Se7en—the best psychological thriller of all time


Gavin Zaengle, Sports Editor

*Editor’s Note: While the review that follows is mature and suitable for teen readers, the film itself is Rated R and not recommended for all viewers.

A string of disturbing murders rattles the city of New York as particular individuals are each killed in specific fashion. Detective William Somerset (Morgan Freeman), takes on the case as his last investigation before retirement with the help of rookie David Mills (Brad Pitt). As the investigation rolls on, the detectives get a clearer picture of the consecutive crimes; however, the finale leaves the detectives stunned and viewers’ minds spinning while the end credits roll.

Se7en, written by Andrew Kevin Walker and directed by David Fincher, is a mystery and thriller masterpiece—and my personal favorite movie of all time. The 90’s classic is rated 82% on Rotten Tomatoes and was nominated for Best Editing at the Oscars. With a budget of 30 million dollars, Se7en surely reflected the effort, time and money the producers invested in the film. 

The bustling New York City represents the fast flow of life in the late 20th century, yet this case seems to slow time down. One by one, citizens who reflect each of the seven cardinal sins are executed by an unknown perpetrator, who only leaves the name of the sin they reflected behind. The seven sins—gluttony, greed, sloth, wrath, envy, pride, and lust— can be seen in multiple works of Christian literature, most notably in Dante’s Inferno and Chaucer’s Canterbury Tales. Antagonist John Doe (Kevin Spacey) is insanely devoted to honoring God by enforcing each of these sins himself. (Fun fact: Kevin Spacey convinced the producers to remove his name from the opening credits and hide him from all previews in order to make his reveal the ultimate surprise to viewers.)

The movie begins as detectives Somerset and Mills are tasked with investigating the first crime, in which they find an overweight individual killed in a particular fashion, with the words “GLUTTONY” scraped into the wall behind the refrigerator. Over the next few days, four more killings, all marked with one of the cardinal sins, are each thoroughly investigated by the experienced Somerset and the loose-cannon Mills.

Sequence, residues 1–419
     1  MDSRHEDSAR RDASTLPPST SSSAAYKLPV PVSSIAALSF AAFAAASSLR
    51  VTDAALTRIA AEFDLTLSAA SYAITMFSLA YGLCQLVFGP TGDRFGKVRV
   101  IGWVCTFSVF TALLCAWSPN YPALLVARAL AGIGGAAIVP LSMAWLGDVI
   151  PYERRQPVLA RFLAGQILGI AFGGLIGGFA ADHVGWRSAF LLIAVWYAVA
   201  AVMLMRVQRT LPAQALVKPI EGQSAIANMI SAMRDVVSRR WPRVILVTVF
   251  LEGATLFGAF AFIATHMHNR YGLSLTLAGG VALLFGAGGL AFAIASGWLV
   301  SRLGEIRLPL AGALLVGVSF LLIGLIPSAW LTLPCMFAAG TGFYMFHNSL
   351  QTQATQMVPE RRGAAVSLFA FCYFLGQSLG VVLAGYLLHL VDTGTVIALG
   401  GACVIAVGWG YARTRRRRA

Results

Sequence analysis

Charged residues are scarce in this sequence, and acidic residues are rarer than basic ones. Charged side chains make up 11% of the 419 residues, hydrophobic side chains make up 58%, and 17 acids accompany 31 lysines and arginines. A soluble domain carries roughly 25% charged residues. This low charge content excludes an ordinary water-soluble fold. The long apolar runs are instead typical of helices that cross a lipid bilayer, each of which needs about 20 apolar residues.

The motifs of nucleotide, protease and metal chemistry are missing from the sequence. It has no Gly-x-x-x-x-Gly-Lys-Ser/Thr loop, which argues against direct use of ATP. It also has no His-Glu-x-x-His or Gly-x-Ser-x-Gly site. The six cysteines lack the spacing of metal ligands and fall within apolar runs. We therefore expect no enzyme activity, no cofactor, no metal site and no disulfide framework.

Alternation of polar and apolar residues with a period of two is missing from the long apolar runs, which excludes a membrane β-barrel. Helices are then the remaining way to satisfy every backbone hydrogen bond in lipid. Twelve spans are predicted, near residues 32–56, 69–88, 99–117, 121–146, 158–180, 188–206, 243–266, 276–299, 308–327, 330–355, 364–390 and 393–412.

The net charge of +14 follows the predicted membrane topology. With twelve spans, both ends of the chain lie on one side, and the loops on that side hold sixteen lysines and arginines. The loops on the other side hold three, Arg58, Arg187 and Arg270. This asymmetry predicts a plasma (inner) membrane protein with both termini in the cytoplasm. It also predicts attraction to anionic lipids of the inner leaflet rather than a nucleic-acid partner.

Somerset and Mills are assigned to the case together; however, their clashing personalities just don’t seem to mesh. Somerset disregards Mills and thinks of him as an unintelligent and inexperienced partner, not worthy of his attention. Mills looks to prove himself to Somerset and the rest of the NYPD, so he attempts to get ahead of Somerset by getting to the scenes faster and looking into them himself. One day while they are both researching in their offices, Mills’ wife Tracy, played by Gweneth Paltrow, invites detective Somerset to their apartment for dinner.

This night filled with stories, laughs and a bottle of wine is what brings the two detectives together, in which they spend the midnight hours after dinner brainstorming and researching on the couch. They narrow their search to an apartment downtown and end up finding the hideout of the killer. 

The final quarter of the movie left me speechless upon my initial watch, and each and every time I sit down with friends to share this treasure of a film with them, nostalgia rolls through my body in the form of goosebumps. 

A famous quote by the antagonist himself is a perfect way to describe this portion of the movie, “What I’ve done is going to be puzzled over and studied and followed… forever.” Every scene is necessary and effective to the plot, and the final scene is one that is infamously known as one of the most spectacular moments in film history. Many know it as the “what’s in the box” scene, and the cinematography, sound and acting make the moment thrilling and nerve-wracking.

I recommend Se7en to anyone who looks to experience perfection in the mystery and thriller genre, and I hope anyone who watches loves it as much as I do.

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